Objective: The aim of this study was to assess possible associations between potential risk factors for fractures and their occurrence in otherwise healthy Greek male adolescents.
Subjects: A total of 63 male adolescents participated in the study, 21 males with a history of at least one fracture and 42 healthy male controls.
Methods: Each participant was assessed for physical and pubertal status, hormonal profile, bone mineral density, bone turnover indices, and dietary habits.
Results: The lower bone mineral density-z scores and increasing testosterone and serum collagen type 1 cross-linked C-telopeptide levels were related to fracture risk, whereas increased insulin-like growth factor-1, soluble receptor activator of nuclear factor kappa-B (factor-κB) ligand, and soluble receptor activator of nuclear factors-κB ligand/osteoprotegerin levels were protective for fractures.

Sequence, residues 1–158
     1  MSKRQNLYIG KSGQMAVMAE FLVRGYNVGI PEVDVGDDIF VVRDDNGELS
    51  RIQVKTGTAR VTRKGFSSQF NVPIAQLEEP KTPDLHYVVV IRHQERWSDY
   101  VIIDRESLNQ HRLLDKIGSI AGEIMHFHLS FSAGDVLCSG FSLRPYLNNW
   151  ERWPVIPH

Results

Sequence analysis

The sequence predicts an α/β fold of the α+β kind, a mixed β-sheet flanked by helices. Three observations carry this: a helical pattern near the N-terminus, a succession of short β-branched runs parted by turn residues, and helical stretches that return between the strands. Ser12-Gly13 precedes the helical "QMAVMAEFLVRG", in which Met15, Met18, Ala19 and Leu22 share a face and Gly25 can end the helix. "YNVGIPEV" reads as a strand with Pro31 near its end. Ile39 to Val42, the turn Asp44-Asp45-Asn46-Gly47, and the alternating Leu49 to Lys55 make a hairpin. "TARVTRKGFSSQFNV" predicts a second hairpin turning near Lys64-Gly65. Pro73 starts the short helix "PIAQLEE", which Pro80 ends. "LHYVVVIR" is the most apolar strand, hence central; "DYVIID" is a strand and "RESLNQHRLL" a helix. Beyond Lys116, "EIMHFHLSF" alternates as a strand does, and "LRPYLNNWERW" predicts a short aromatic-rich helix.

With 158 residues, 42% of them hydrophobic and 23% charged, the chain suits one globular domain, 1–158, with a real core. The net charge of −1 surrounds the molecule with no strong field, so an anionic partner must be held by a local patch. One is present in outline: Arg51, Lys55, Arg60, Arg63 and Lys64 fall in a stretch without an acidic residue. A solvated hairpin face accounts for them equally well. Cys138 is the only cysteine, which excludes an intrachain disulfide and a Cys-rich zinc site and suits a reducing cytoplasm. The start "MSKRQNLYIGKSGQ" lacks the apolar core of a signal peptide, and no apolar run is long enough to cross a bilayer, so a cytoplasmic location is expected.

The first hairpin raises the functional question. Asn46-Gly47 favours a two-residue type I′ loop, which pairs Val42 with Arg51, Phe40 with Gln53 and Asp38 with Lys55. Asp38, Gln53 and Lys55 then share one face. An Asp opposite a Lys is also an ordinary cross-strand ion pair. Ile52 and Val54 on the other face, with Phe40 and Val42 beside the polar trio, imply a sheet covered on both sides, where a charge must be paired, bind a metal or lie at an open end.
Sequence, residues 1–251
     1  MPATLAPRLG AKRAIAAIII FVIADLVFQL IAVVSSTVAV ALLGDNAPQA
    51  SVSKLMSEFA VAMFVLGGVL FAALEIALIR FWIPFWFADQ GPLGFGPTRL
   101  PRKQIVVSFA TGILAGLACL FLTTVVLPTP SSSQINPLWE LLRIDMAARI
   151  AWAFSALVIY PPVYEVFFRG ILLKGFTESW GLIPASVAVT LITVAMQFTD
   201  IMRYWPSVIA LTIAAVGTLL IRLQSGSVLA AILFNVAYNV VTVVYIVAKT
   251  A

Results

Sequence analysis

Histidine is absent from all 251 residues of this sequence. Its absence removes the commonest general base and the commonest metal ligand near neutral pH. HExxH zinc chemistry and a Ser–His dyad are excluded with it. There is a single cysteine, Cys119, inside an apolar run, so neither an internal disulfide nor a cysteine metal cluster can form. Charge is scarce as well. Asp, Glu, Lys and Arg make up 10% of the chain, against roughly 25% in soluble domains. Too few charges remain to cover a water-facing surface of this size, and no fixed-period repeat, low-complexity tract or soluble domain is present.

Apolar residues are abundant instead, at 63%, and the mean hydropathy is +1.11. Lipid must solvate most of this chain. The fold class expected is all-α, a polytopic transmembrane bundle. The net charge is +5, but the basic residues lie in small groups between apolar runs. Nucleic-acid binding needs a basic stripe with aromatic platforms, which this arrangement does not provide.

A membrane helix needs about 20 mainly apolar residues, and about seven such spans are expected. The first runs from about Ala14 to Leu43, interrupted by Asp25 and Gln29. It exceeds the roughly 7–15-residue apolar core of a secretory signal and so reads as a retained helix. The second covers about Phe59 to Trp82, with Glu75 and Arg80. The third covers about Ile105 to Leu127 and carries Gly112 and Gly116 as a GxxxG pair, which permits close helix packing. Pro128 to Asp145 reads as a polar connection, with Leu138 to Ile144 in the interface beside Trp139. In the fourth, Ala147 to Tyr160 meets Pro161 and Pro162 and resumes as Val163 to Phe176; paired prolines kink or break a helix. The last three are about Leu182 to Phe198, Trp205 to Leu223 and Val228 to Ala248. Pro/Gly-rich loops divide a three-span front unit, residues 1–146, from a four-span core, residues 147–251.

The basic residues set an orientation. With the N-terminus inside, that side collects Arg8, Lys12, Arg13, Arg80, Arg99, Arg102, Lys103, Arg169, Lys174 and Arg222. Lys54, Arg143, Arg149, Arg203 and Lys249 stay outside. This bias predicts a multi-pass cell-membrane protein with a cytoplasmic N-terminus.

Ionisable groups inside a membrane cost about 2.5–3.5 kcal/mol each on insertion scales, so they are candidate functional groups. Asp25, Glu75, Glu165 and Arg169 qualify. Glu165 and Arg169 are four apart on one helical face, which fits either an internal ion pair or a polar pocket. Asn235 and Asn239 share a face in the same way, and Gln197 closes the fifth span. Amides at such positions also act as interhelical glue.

Conclusions: The findings indicate a potential 'added value' of hormonal parameters and bone markers to bone mineral density for evaluating fracture risk in healthy male adolescents.